You are here

Understanding Bankruptcy

The information outlined below is intended to give debtors and creditors an introduction to the bankruptcy process and laws. If you are considering filing bankruptcy, you may also be interested in viewing the video presentations found on the United States Courts Web site that describe the bankruptcy process and your options. 

Legal Advice

Bankruptcy can be complicated. The staff of the U.S. Bankruptcy Court Clerk's office provides a variety of services; however they are not permitted to assist  with the preparation of the voluntary petition, schedules, or other documents, nor can they provide legal advice. All parties must comply with the Local Bankruptcy Rules,   Administrative Procedures   and General Orders for the Eastern District of Oklahoma, the U.S. Bankruptcy Code and the Federal Rules of Bankruptcy Procedure. Failure to do so will result in dismissal of the case, or other sanctions. The public library may have law books that may be of  assistance. If you wish to retain an attorney, call the Oklahoma Bar Association: 1-800-522-8065 or visit the Oklahoma Bar Association Web Site.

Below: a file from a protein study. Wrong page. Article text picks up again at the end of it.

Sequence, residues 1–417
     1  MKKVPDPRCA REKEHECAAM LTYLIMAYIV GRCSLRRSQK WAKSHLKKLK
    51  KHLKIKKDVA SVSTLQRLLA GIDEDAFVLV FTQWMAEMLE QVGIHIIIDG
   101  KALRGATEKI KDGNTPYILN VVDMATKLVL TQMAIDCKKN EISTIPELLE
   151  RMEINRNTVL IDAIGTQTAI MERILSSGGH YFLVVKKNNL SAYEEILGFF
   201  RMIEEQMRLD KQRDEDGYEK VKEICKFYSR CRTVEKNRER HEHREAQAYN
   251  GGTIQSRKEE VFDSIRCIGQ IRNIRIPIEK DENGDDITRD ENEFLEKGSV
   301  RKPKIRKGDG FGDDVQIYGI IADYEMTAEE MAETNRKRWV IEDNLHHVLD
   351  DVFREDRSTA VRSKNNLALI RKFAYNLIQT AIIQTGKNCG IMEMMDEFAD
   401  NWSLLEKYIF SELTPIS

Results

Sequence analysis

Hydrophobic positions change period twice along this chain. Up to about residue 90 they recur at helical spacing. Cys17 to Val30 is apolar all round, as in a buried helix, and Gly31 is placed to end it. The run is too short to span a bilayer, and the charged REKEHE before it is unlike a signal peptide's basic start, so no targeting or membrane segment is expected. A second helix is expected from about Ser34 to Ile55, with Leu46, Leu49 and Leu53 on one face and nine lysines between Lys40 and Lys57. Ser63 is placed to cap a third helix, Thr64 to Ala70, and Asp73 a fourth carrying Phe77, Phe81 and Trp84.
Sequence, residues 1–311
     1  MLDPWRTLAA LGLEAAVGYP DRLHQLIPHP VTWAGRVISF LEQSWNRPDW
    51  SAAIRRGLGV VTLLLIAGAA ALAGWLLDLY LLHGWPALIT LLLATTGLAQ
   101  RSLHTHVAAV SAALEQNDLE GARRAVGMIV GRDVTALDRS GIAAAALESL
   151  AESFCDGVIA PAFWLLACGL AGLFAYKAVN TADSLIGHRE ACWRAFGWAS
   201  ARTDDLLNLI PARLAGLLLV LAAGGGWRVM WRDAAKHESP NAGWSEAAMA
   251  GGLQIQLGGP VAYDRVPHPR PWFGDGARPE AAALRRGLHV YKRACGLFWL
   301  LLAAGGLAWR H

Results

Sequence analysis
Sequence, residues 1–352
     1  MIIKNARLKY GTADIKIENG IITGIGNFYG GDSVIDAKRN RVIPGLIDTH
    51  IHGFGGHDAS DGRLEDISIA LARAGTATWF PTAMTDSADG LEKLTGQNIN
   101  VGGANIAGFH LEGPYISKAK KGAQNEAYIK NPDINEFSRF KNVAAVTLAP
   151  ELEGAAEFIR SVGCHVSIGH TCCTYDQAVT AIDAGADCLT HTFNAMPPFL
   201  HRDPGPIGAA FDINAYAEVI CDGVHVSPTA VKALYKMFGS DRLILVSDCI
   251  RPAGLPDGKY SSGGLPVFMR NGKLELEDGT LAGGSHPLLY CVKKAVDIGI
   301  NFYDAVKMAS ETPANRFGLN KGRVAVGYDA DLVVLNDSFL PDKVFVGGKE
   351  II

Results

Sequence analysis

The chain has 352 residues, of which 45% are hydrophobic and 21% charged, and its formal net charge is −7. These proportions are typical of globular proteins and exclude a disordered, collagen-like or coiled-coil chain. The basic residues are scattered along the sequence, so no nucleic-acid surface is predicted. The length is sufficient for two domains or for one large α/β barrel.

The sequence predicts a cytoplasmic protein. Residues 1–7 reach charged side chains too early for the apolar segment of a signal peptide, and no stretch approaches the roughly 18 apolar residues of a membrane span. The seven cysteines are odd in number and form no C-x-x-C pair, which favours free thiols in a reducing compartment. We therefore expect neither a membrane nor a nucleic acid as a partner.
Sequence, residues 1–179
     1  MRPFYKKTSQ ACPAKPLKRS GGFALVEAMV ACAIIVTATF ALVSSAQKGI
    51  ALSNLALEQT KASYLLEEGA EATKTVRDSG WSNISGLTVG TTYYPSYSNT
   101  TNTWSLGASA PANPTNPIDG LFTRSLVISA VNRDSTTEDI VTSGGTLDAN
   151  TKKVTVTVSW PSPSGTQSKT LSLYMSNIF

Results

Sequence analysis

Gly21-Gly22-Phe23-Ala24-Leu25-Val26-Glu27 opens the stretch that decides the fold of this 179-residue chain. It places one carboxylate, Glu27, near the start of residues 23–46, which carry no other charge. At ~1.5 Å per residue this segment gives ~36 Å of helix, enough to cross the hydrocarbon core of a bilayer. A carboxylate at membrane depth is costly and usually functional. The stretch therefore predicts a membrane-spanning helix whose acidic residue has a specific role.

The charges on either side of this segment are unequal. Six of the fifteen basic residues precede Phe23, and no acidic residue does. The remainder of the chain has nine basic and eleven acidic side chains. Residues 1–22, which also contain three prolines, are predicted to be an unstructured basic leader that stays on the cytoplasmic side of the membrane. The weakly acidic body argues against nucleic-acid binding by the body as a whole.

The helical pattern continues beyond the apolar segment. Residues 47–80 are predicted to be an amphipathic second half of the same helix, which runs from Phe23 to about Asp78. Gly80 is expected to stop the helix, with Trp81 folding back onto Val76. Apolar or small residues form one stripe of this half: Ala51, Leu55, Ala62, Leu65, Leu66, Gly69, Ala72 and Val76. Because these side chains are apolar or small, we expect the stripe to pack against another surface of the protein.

Role of Trustees

There are two different types of trustees involved in bankruptcy cases: case trustees and the United States trustee; each plays a different role in the bankruptcy process.

Case Trustee

In every chapter 7, 12, and 13 case a case trustee is appointed when the bankruptcy petition is filed. This trustee does not represent the debtor or any individual creditor. Rather, the trustee has independent rights and duties that are set forth in bankruptcy code.

Case trustees and their staff are not permitted to give legal advice to the debtor or the creditors.

United States Trustee

The Office of the United States Trustee(link is external) (UST) oversees the administration of the bankruptcy laws on behalf of the Attorney General of the United States. The UST has standing to raise any issue and be heard in any case under the bankruptcy code. Among the Trustee's duties are selecting and supervising the panel of case trustees, monitoring the progress of chapter 11 reorganization proceedings, monitoring applications for compensation, and notifying the United States Attorney of suspected bankruptcy crimes.